Objective: To compare baseline characteristics, service provision, and child placement for infants exposed to cocaine in utero based on postnatal screening results. Methods: We studied a retrospective cohort of 40 consecutive drug-exposed, but seemingly healthy term infants who underwent urine drug screening in the newborn nursery of a community hospital. Using clinical and service agency data, two cocaine-exposed cohorts were compared (a) screen-positive at birth (n = 22) versus (b) screen-negative at birth (n = 18). Results: Both cocaine-exposed groups had similar infant birth weights, levels of paternal involvement, maternal ages, gravidity, parity, and lengths of gestation. Mothers in both groups had similar histories of prostitution, poor home environment, drug use, and prenatal drug rehabilitation. Mothers of screen-positive infants were more likely than mothers of screen-negative infants to have other children in foster care (27% vs. 6%, p = .07), to have experienced previous interventions by child protective services (CPS) (55% vs. 17%, p < .01), to have had no prenatal care (32% vs. 6%, p = .09), and fewer prenatal visits (4.7 vs. 8.6, p = .02). Compared to screen-negative infants, more screen-positive infants were referred to a high-risk infant tracking program (91% vs. 6%), referred to CPS (100% vs. 33%), placed outside the mother's home (50% vs. 22%), and had their mothers referred to drug rehabilitation (36% vs. 11%), (p < .01 for each). By 1 year of age, support services differed little between exposed cohorts. However, 6 of 22 screen- positive infants were in foster care and 3 were placed for adoption, while only 1 of the 18 screen-negative infants was in foster care and only I had been placed for adoption. There were no services available in this community to provide coordinated or comprehensive services or drug treatment specific to the needs of drug using mothers and drug exposed infants. Conclusions: Despite similarities between cocaine-exposed infants cared for in a normal newborn setting (with and without positive urine drug screens at birth), differences in referral services were noted. More striking than these differences was that services for families with drug-exposed infants are inadequate to even meet the needs of those families in our setting deemed to be at highest risk. Neonatal drug screening needs to be paired with effective services.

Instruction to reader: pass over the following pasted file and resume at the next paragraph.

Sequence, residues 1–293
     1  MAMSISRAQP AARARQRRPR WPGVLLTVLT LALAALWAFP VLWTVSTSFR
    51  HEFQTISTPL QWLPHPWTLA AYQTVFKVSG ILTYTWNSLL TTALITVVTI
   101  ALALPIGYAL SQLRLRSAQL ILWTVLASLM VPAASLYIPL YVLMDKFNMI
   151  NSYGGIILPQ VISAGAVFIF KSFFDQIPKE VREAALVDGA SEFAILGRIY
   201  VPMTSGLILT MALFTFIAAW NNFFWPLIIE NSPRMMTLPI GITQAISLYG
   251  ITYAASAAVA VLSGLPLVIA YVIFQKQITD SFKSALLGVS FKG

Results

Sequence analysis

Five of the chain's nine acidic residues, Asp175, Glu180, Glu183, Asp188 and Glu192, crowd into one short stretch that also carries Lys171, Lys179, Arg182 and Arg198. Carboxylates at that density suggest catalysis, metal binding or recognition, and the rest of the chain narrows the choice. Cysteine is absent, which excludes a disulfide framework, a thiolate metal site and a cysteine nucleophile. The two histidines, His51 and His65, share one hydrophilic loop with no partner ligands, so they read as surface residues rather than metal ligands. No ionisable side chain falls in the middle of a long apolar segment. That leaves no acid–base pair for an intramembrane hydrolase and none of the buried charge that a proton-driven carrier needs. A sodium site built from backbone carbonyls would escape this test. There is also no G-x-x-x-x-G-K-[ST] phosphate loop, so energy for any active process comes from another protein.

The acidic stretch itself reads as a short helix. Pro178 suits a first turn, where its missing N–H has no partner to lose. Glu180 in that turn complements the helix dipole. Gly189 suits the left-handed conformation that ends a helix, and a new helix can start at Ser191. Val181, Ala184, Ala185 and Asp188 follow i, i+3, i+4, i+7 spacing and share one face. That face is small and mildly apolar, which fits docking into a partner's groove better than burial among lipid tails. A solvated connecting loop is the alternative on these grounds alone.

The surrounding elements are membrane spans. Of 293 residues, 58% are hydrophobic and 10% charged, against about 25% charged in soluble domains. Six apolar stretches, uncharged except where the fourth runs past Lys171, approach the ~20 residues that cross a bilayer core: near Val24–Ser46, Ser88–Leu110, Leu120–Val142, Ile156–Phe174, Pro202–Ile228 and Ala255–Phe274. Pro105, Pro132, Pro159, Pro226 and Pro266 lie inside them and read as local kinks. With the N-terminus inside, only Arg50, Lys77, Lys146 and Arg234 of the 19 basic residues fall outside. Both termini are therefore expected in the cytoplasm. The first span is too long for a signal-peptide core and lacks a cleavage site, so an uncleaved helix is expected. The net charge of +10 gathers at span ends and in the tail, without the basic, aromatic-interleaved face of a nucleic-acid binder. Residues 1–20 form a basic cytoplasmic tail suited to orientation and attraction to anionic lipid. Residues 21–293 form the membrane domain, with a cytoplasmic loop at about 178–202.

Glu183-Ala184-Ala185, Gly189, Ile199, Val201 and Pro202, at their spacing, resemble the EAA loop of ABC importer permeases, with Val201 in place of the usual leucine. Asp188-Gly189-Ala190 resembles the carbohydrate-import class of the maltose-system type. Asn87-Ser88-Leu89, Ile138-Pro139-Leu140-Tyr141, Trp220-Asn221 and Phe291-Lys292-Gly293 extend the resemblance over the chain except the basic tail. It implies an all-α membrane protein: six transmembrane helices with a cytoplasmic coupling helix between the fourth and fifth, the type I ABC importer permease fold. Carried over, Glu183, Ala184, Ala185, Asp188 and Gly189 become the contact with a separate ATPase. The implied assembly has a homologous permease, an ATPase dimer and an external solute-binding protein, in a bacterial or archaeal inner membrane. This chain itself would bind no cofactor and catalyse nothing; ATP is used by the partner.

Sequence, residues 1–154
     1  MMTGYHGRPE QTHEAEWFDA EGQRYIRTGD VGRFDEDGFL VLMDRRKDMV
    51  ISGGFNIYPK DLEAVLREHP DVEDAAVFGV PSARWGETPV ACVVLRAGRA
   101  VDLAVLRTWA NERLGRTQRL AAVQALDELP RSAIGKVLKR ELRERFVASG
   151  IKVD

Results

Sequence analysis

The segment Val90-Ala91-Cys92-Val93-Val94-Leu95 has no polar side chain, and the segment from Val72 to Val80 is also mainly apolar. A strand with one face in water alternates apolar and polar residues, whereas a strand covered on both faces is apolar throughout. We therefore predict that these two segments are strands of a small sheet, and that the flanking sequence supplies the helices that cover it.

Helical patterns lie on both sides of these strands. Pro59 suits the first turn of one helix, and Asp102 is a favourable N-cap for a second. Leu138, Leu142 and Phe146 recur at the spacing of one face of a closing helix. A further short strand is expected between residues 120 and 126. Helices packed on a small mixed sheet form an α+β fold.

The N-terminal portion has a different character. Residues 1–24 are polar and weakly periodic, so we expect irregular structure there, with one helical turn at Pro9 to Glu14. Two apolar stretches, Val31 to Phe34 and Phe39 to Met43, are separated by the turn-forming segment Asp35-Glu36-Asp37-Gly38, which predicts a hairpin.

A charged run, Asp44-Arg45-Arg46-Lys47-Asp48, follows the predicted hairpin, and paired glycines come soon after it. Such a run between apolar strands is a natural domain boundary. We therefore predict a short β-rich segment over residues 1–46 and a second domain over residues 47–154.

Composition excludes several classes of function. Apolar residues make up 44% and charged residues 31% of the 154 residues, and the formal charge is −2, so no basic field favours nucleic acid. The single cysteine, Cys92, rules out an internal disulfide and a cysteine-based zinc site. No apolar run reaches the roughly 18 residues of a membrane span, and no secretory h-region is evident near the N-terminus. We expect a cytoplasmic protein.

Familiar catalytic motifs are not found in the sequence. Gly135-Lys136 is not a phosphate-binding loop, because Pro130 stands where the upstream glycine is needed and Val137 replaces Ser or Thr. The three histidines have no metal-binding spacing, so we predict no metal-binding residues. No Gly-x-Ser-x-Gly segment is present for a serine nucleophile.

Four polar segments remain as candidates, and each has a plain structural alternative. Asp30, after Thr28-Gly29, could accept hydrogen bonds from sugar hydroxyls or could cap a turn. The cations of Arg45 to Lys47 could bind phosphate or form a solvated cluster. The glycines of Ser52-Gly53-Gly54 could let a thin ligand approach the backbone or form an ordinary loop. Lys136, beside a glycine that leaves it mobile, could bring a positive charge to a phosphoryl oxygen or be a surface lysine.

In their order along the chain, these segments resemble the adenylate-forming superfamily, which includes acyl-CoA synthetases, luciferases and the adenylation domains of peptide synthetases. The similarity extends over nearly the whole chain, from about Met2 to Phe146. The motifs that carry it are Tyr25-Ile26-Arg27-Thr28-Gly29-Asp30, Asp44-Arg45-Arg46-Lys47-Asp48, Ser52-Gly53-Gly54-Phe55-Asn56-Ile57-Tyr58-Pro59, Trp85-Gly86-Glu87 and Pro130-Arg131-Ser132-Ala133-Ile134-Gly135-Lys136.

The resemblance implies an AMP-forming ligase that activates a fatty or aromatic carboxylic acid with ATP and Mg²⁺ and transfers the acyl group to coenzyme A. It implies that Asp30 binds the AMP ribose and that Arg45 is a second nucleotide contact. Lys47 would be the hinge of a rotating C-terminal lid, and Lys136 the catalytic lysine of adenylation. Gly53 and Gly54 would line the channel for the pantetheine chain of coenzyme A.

- High-risk families
- Prenatal cocaine exposure
ASJC Scopus subject areas
- Pediatrics, Perinatology, and Child Health
- Developmental and Educational Psychology
- Psychiatry and Mental health